“Saucha is the first of the five niyamas (personal observances), which form the second limb of yoga as described in “The Yoga Sutras of Patanjali.” The Sanskrit term can be literally translated as “purity,” “cleanliness” and “clearness,” and it covers the cleanliness of body as well as the purity of mind. This niyama reminds one to live a healthy life and keep the body and mind pure. Healthy diet, personal hygiene and self-care are also considered saucha. The practice of saucha starts with the external environment and keeping the surroundings clean. It also includes purity of bodies from both outside and inside, relationships and speech” (Yogapedia).

 

I have volunteered at two yoga and permaculture farms in Guatemala, Atitlan Organics and the Mystical Yoga Farm. Both of these farms participated in the innovative idea to transform waste into eco-bricks. All waste is stuffed into plastic bottles. These bottles are packed to the brim and used to build structures, like school buildings. The founder of Atitlan Organics, Shad Qudsi reuses, revamps, reconstructs, and restores all waste that cannot fit into the bottles. Aiming to produce zero waste, he decided to bury his baby’s diapers, as to contribute nothing to the landfill in a country that already has challenges in disposing of people’s waste.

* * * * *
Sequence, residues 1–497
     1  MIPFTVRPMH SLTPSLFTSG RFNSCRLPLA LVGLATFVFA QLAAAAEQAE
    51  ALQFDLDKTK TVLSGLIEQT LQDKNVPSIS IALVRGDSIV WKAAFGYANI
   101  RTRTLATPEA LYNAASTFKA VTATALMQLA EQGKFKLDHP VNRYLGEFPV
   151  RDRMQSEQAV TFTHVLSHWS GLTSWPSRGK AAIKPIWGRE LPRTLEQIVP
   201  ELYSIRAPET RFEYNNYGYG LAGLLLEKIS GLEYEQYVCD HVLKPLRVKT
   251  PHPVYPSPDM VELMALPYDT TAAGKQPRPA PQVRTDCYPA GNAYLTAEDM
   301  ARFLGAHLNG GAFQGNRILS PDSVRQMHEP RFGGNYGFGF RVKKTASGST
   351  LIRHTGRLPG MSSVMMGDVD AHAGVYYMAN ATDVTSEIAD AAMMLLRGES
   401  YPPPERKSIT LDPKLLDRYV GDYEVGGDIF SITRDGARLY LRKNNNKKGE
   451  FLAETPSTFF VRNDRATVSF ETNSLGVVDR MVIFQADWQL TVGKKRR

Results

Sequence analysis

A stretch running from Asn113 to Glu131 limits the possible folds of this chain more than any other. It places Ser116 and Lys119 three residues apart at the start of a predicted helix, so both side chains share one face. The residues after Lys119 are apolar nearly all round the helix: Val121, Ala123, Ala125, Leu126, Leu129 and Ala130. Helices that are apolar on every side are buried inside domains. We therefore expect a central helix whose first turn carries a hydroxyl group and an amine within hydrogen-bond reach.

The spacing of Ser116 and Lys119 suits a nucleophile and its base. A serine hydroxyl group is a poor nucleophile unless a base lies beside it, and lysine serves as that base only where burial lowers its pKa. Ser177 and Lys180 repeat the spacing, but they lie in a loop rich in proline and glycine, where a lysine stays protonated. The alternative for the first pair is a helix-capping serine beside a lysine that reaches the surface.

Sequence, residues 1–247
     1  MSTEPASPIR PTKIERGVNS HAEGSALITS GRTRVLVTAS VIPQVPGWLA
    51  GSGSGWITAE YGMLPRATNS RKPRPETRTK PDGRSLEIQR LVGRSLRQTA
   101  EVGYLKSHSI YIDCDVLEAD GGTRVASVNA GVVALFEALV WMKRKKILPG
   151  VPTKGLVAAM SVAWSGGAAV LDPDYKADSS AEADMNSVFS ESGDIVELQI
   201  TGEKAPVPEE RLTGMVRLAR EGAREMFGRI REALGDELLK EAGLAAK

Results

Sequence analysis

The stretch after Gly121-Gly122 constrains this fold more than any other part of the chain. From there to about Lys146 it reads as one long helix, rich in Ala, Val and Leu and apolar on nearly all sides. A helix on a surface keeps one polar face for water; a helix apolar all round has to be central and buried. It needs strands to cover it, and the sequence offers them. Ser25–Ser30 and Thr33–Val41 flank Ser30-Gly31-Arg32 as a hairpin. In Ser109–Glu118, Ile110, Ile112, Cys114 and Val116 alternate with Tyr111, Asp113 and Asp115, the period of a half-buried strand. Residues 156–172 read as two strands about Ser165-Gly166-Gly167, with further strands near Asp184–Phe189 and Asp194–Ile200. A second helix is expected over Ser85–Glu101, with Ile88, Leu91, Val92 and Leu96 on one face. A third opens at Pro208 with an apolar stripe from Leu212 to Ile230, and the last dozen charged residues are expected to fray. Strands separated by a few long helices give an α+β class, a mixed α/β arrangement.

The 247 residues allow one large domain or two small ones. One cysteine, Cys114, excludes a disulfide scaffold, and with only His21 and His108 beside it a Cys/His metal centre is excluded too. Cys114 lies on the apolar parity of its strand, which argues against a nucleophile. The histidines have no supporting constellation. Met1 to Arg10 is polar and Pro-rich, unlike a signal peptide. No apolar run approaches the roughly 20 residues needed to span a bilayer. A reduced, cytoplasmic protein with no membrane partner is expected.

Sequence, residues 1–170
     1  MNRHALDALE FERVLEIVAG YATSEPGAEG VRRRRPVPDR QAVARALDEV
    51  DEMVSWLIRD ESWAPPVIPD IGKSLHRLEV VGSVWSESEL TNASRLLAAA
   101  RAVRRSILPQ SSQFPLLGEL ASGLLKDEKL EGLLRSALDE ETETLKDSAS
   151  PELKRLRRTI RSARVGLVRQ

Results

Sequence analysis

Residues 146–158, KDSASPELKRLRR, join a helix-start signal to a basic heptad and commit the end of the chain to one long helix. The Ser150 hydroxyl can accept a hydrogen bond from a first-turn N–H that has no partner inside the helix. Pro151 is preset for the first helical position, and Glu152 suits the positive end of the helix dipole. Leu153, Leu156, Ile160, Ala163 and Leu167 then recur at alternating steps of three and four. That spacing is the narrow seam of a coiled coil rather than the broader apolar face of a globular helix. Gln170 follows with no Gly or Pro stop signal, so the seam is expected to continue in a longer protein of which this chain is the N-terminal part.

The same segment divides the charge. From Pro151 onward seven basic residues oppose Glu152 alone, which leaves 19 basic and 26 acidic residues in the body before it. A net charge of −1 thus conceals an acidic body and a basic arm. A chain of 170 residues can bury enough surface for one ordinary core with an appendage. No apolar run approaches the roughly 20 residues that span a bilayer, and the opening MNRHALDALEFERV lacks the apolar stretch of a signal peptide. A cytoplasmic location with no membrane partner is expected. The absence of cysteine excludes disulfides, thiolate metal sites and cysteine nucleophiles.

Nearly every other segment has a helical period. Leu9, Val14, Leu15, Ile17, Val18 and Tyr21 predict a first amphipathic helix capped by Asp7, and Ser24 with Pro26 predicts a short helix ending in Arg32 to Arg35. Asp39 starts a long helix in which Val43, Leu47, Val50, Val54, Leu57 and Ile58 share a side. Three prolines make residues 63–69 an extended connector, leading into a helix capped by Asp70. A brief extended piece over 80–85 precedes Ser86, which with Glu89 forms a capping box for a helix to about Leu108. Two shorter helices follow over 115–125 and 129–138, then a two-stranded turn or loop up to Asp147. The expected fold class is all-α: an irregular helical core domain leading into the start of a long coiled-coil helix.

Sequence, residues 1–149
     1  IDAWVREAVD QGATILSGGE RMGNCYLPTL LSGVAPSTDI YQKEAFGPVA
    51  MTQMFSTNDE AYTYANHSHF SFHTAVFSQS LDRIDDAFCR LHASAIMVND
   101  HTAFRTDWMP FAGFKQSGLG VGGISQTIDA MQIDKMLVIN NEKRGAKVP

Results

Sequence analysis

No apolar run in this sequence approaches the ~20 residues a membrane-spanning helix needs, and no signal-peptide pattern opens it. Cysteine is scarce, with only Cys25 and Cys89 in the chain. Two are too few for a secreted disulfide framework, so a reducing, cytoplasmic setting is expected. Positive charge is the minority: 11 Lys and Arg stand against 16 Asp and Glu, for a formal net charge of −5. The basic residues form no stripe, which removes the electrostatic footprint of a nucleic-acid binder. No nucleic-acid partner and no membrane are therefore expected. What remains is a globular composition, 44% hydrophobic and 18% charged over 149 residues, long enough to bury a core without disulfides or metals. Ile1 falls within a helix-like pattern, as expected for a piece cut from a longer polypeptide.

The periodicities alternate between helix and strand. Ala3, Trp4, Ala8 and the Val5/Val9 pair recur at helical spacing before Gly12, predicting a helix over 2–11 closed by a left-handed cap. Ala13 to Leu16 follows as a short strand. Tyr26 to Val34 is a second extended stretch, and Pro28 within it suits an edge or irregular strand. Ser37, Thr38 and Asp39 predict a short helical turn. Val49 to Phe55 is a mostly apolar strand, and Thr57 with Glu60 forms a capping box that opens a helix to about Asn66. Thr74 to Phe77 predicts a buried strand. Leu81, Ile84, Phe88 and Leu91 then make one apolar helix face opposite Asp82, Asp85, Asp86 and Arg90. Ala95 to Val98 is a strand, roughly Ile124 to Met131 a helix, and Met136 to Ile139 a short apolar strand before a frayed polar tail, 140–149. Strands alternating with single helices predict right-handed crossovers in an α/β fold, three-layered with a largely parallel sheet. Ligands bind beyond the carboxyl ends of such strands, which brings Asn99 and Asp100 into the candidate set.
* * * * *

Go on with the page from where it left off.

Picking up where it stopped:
Producing no waste begins at the source of our consumption. If you aim to produce no waste, it will impact the method of your buying. Buying in bulk and bringing your own containers for storage is a sweet, cost effective way to minimize and eliminate packaging. Finding multi-purposes for a single item is also a way to simplify and save resources. I grew up in a fairly typical American household. I used hand soap, body wash, face cleanser, acne creams, body lotion, hand lotion, shampoo, conditioner, dish soap, laundry soap, etc. When I journeyed to Africa in 2005, Ispent 6 months on the Mercy Ships., a hospital ship which sails around Africa performing surgeries. All funds for this organization come from the donations of humans and the only profit is the bright light of goodwill and the joy of seva, passionate compassionate, selfless service. Onboard the ship, were each given 1 minute to shower, as the quantity of fresh water had to be conserved for surgeries, drinking and cooking. Within that minute, we would also catch excess water in a bucket to minimize waste.